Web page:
Form and Shape



When Kettler started working on Courier he decided to construct a slab-serif typeface, which is characterized by thick, block-like serifs that are connected to the stroke without a bracket.


Courier's serifs and stems are evenly weighted, sorting the typeface into the neo-grotesque model of slab-serifs. Other models are the Clarendon Model which feature bracketing and some contrast in size in the actual serif and the Italienne Model, featuring serifs that are even heavier than the stems.


Courier features a low cap-height (570 units in Courier compared to Times New Roman's 662 units) and an ascender to x-height ratio of 613:423 (Courier compared to Times New Romans's ratio of 683:450). It is interesting to note that the ascenders of lowercase letters exceed the cap-height of uppercase letters in Courier by more than 40 units.


In the design process Kettler would often generate original sized mock ups and turn them around a full 180 degrees to make sure that not a single character stood out. This may be the reason for Couriers lack of extravagant letterforms. However, there are a few characteristc letterforms in Courier such as the lowercase a and g, as well as the uppercase A, R and Q.

Versions



Due to the rich history of Courier in the pre-digital era, there are countless digital versions today. While the general character of the original Courier version is preserved in each digital version, they still differ from each other. The most prominent features by which they can be distinguished are the stroke ends (round or straight) and the weight of the typeface. There are of course some other minor differences in the letterforms, that help distinguish the different versions.


Below you can find an overview of the main digital versions of Courier that exist today:



AaBbCc

Courier by Adobe (→)



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Courier by Linotype (→)



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Courier by Monotype (→)



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Courier 10 Pitch by Bitstream Inc. (→)



AaBbCc

Courier New by Microsoft (→)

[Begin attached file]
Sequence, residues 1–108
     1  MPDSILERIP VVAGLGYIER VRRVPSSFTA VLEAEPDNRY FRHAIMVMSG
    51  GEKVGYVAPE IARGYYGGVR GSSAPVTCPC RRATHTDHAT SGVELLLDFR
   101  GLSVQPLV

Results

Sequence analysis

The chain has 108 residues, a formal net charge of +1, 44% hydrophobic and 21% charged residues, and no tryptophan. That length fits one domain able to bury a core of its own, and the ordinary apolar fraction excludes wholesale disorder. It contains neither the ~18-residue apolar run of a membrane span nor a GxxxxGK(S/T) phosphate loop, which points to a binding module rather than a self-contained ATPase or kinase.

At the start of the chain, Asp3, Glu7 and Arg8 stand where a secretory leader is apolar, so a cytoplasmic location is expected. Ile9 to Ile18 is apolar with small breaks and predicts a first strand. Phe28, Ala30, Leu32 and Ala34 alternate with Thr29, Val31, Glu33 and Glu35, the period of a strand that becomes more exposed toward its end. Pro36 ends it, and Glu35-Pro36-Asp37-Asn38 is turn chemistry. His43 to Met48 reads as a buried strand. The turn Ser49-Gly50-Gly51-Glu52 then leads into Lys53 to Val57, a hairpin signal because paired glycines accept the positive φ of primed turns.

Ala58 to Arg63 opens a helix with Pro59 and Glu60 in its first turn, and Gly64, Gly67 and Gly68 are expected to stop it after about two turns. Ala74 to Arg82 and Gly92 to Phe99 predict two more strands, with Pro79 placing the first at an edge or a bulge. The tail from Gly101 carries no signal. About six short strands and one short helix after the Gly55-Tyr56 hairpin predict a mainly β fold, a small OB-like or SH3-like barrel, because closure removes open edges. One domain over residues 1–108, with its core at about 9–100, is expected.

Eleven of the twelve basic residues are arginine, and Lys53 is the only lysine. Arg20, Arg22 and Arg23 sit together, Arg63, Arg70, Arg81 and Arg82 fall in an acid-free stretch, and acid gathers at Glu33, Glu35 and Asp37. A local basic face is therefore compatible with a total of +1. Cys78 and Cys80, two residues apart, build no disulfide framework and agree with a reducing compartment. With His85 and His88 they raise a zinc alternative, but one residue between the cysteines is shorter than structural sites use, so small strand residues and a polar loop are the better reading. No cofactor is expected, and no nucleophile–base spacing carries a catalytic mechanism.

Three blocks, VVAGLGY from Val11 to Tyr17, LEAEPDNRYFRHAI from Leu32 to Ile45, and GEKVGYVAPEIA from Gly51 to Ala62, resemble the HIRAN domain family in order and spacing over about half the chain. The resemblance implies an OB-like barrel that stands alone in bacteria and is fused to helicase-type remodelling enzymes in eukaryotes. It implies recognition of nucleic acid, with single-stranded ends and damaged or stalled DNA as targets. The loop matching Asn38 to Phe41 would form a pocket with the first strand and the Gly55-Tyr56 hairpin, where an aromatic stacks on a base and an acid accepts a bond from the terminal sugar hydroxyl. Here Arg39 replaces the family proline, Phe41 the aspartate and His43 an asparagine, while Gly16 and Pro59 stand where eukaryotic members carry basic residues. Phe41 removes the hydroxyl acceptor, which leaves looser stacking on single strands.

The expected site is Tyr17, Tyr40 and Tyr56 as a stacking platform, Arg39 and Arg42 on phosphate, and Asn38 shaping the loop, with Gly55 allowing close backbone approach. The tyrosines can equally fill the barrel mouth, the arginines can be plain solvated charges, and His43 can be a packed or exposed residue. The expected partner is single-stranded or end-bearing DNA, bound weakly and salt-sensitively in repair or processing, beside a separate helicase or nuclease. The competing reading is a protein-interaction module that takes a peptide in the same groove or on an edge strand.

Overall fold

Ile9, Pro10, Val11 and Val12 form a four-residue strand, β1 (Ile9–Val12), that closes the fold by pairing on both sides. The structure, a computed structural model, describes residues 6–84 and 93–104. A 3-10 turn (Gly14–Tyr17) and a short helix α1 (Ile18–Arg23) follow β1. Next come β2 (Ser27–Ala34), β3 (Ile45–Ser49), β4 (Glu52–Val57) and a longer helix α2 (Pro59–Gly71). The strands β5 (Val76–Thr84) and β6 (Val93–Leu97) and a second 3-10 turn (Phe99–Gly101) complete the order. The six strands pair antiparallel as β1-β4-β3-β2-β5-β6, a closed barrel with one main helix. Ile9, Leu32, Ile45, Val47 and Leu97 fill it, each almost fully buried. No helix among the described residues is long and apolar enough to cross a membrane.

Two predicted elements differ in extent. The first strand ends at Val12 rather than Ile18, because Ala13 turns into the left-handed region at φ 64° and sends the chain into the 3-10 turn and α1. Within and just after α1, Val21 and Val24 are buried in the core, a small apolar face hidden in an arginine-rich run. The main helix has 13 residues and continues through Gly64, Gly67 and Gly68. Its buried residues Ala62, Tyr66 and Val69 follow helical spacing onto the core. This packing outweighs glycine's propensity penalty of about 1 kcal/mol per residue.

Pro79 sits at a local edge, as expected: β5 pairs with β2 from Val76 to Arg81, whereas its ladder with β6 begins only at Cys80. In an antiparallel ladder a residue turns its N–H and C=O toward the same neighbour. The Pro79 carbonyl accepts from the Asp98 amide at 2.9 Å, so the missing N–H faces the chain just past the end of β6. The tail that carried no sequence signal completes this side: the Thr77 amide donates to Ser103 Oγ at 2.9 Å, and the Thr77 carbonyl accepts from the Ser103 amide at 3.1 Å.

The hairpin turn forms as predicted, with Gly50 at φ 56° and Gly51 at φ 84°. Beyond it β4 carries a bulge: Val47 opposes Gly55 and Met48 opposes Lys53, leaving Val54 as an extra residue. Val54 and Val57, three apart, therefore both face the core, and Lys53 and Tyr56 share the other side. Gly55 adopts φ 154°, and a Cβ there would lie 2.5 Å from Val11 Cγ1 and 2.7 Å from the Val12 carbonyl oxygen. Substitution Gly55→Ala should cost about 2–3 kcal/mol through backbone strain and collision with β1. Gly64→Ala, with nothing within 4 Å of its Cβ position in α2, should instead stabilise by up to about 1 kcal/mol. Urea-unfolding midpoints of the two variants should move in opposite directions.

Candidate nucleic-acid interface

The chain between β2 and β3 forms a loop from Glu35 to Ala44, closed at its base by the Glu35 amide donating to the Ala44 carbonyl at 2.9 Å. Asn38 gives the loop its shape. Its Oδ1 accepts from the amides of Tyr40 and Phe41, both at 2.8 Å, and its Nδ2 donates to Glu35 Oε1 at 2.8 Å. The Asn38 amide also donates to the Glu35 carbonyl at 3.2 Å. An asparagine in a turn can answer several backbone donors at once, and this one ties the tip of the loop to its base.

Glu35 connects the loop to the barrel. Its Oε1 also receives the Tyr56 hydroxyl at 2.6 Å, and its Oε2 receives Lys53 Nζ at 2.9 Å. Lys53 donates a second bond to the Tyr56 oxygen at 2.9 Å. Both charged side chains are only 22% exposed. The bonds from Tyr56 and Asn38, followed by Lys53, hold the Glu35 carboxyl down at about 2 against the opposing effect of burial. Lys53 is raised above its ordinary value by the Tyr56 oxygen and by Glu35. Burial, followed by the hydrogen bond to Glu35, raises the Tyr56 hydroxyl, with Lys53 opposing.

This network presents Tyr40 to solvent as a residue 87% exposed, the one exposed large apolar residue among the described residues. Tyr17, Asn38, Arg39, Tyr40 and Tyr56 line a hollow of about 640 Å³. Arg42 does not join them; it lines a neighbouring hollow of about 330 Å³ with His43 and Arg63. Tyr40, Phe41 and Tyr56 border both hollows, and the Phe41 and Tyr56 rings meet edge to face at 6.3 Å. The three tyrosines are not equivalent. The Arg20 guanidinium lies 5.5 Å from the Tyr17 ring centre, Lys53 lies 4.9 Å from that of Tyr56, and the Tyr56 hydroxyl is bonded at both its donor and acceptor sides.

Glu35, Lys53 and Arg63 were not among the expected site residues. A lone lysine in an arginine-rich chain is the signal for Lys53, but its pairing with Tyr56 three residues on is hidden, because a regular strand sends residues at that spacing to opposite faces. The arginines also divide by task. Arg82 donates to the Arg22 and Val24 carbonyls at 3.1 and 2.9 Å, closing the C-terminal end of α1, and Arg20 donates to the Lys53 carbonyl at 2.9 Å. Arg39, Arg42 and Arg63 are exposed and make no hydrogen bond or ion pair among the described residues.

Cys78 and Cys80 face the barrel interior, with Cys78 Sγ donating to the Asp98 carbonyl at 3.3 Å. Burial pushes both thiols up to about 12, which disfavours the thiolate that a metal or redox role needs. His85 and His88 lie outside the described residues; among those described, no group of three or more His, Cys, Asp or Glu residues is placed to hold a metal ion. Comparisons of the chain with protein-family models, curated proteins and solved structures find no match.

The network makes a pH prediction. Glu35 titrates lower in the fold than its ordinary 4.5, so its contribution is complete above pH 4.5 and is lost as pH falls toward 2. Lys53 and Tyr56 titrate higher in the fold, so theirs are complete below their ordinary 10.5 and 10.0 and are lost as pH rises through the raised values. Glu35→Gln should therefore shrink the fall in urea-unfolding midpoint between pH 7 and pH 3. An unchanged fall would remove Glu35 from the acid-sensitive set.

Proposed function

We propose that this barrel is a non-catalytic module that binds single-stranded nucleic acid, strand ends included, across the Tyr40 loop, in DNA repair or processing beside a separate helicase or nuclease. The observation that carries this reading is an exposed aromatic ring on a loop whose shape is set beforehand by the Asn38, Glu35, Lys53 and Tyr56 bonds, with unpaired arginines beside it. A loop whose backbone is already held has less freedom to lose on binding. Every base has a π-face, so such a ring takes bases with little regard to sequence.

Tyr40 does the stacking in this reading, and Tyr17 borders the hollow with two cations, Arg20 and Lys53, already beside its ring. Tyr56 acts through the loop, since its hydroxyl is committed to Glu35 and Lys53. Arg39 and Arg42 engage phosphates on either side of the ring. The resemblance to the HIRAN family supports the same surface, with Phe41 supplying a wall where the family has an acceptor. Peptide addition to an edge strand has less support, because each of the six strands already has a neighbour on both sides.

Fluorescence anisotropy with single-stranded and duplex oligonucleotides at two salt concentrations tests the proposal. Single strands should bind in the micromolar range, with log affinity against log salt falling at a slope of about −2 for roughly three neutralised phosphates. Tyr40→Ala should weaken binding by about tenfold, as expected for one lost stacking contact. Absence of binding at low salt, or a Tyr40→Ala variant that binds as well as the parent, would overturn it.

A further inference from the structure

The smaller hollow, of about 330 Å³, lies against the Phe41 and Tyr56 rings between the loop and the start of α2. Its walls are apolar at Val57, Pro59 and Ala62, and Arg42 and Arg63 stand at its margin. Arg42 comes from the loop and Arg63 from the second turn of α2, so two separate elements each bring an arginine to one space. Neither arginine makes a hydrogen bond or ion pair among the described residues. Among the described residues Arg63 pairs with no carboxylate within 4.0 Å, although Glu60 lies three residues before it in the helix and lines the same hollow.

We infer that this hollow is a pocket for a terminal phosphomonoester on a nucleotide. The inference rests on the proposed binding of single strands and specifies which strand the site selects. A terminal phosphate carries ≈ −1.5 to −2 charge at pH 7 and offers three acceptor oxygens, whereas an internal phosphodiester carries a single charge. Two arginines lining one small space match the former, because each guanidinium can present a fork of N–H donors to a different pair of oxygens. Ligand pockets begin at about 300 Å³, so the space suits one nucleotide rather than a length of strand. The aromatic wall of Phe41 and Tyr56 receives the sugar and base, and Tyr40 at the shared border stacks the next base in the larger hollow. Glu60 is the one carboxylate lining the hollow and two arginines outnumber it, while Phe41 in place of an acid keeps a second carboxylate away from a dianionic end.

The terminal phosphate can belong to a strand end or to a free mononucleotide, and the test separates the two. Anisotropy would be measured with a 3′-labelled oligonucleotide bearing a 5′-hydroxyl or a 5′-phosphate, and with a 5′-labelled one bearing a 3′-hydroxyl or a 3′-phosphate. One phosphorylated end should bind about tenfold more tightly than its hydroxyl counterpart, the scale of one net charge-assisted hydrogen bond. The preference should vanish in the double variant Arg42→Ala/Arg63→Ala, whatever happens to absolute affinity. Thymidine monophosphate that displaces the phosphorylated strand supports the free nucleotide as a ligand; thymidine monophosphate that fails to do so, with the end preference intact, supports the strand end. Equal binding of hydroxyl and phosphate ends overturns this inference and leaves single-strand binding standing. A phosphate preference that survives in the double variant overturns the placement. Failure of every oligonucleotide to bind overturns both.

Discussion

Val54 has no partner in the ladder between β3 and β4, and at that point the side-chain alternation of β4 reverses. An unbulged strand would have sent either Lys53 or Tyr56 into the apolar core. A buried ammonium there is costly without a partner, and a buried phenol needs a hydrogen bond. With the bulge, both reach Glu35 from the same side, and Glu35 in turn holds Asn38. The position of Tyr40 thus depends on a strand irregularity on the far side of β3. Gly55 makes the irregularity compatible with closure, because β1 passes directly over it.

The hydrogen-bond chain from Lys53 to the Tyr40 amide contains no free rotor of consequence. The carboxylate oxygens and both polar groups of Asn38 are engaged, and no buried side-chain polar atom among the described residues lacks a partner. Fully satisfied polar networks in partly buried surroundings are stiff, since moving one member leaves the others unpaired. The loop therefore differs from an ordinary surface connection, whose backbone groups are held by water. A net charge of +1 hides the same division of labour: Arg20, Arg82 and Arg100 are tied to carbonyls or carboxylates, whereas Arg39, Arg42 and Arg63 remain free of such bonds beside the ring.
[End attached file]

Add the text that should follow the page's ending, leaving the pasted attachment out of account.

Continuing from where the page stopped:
AaBbCc

Courier included with Final Draft (→)



AaBbCc

Courier included with Fade in Pro (→)



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Dark Courier by Hewlett Packard (→)



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Nimbus Mono L by URW++ (→)



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Courier Prime by Quote-Unquote Apps (→)

Additional Information



While Courier is one of the most known and used typefaces around the world, there is almost no need for monospaced typefaces anymore. Apart from programming and numeric tabulation, almost all typographic tasks can be happily managed with proportional fonts.


Despite Courier being the de facto standard font for correspondence, reports, and almost all business and office communication up until the era of the personal computer, its use today is steadily declining. A good example for this is the replacement of 12 point Courier New by 14 point Times New Roman as the U.S. State Department’s standard typeface in January 2004. Reasons for the change included the desire for a more modern and legible font.


However, there are still certain tasks and applications where Courier still sports a healthy presence. For example the screenwriting industry: Because the screenplay format developed in the typewriter era and has become loosely codified on the basis of that heritage, a writer today has to layout his screenplays similar to how they were done on a typewriter. A screenplay is therefore still set in 12 point (pica pitch) Courier with single line-spacing and 55 lines per page. This coincides with the rule that a single page is approximately one minute of screen time, helping the industry to judge the practicability of a screenplay.


Another area that still heavily relies on Courier is ASCII Art. ASCII Art is a graphic design technique that uses computers for presentation and consists of pictures pieced together from the 95 printable (from a total of 128) characters defined by the ASCII Standard from 1963 and ASCII compliant character sets with proprietary extended characters (beyond the 128 characters of standard 7-bit ASCII).


While ASCII art is loosely based on early typewriter art from the late 19th and early 20th century, one of the main reasons ASCII art was born was because early printers often lacked graphics ability and thus characters were used in place of graphic marks. ASCII art was also used in early e-mail when images could not be embedded. Due to the tabular layout of most ASCII Art a monospaced font such as Courier is necessary for presentation.

A Website about Courier.